Taliban beat people who mark Persian new year
March 21, 1999 , KABUL, Afghanistan (AP) -- Taliban soldiers whipped
several residents of the capital with steel wires Sunday after they defied
a ban on new year's celebrations, witnesses said.
The centuries-old festival, based on the Persian calendar, marks the
end of winter.
It is widely celebrated in neighboring Iran and until last year was
marked also in Afghanistan. However, the Taliban religious army which
controls most of the country banned the festival, saying it violates the
tenets of Islam.
The festival traditionally involves visiting family, decorating homes
with lights and paying respects to deceased relatives at graveyards throughout
Taliban soldiers beat several people, including women, with steel wires
because they were offering prayers at graveyards in keeping with new year's
celebrations, witnesses said.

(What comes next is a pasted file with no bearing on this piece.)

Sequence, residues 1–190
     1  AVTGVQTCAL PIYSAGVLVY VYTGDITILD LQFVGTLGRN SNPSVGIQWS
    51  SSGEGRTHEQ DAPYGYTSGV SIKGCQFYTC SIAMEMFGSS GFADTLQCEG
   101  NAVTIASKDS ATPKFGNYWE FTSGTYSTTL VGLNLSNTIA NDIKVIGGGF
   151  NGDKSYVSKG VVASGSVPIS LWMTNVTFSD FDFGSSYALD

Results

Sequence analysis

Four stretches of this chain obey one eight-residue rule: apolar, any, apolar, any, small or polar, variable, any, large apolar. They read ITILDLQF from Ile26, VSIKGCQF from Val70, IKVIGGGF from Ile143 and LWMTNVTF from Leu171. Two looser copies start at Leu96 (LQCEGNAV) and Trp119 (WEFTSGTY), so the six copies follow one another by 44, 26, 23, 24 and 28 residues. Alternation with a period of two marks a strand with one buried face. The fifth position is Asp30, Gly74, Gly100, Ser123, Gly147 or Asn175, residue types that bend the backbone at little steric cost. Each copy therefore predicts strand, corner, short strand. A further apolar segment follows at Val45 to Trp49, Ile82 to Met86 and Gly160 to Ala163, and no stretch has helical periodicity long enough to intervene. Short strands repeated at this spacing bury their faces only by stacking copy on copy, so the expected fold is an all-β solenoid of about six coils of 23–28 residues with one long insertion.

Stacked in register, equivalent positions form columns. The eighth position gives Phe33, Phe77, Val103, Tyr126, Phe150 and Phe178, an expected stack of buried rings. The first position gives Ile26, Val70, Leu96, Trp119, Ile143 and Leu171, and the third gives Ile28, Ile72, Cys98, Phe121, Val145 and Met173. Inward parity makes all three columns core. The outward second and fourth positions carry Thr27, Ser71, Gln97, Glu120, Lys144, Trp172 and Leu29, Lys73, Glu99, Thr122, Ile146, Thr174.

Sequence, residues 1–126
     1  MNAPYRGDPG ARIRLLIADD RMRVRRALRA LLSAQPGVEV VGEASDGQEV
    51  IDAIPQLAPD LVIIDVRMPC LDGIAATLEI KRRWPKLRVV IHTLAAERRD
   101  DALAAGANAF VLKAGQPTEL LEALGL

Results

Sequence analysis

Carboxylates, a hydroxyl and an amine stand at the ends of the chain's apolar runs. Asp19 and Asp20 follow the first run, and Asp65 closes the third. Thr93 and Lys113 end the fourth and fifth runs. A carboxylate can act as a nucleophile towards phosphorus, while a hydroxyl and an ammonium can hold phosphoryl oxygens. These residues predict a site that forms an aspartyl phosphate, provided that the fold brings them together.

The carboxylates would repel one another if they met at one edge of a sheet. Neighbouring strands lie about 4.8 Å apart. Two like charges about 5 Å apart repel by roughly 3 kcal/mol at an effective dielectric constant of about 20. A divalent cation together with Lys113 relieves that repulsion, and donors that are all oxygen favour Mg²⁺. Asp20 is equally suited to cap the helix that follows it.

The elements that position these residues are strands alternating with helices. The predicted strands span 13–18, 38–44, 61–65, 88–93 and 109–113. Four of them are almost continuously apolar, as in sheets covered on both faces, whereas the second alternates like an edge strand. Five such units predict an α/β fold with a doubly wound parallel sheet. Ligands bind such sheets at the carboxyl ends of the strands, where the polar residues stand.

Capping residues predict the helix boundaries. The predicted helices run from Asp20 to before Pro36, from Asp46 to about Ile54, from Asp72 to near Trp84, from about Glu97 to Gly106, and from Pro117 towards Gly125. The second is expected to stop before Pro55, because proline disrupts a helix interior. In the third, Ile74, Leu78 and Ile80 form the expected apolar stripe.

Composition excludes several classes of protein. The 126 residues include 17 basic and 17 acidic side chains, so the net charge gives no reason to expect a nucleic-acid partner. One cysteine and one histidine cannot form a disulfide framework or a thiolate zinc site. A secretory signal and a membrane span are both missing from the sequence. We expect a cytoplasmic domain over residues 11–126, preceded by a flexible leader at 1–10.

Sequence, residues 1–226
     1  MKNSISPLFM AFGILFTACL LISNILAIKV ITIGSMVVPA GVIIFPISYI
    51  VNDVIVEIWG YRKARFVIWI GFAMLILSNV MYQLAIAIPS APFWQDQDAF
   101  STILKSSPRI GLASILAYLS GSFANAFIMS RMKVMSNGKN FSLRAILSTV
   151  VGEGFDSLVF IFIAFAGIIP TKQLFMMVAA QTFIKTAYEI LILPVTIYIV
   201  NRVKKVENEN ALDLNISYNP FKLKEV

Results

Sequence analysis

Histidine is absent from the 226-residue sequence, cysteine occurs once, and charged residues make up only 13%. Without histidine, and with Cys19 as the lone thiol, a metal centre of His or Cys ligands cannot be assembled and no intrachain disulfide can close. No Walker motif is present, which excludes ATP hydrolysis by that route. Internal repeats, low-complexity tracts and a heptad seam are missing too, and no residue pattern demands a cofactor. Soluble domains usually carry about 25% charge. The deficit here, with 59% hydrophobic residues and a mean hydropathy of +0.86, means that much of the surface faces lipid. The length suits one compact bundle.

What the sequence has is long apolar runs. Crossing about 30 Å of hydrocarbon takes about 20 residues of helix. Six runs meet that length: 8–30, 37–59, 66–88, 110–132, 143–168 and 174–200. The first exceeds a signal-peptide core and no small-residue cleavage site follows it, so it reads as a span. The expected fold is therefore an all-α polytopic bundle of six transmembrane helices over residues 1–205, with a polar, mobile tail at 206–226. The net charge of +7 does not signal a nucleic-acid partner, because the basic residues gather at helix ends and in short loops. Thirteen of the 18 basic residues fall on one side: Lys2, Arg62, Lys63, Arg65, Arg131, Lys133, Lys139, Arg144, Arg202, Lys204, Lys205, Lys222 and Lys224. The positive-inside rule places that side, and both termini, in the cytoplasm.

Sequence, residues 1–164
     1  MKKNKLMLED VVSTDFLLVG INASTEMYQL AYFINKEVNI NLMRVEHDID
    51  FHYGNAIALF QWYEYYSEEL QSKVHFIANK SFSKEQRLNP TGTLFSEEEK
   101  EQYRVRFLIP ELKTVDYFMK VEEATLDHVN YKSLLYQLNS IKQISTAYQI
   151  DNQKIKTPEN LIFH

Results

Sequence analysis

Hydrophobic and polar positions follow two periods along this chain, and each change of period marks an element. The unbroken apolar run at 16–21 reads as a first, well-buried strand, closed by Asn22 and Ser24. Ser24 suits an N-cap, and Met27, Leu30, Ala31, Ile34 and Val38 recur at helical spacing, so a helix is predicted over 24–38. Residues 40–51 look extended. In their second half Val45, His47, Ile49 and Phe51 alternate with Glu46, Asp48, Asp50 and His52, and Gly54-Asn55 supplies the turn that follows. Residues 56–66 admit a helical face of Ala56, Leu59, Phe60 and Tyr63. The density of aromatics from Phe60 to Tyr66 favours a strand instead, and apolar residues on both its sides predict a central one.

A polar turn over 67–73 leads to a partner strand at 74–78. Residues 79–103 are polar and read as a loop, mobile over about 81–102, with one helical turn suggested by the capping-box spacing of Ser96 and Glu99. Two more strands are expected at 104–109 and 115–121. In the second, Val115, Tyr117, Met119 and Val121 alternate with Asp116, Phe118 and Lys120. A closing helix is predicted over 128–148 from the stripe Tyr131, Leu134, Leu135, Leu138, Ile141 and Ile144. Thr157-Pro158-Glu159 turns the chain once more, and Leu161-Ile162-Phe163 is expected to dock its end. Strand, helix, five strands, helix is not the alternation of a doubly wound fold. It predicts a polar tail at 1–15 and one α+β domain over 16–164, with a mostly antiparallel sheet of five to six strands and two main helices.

Earlier the Taliban asked Shiite clerics to explain to their followers
that new year's celebrations were against Islam. Many people nonetheless
defied the ban.
The Taliban, who largely belong to the Sunni sect of Islam and are mostly
ethnic Pashtuns, like most Afghans, rule 90 percent of Afghanistan.
They espouse a harsh version of Islam that bars women from work and
education, forces men to wear beards and outlaws all light entertainment,
The Taliban are fighting the northern-based opposition alliance, which
comprises mainly of ethnic and religious minorities in a bid to control
the rest of the country.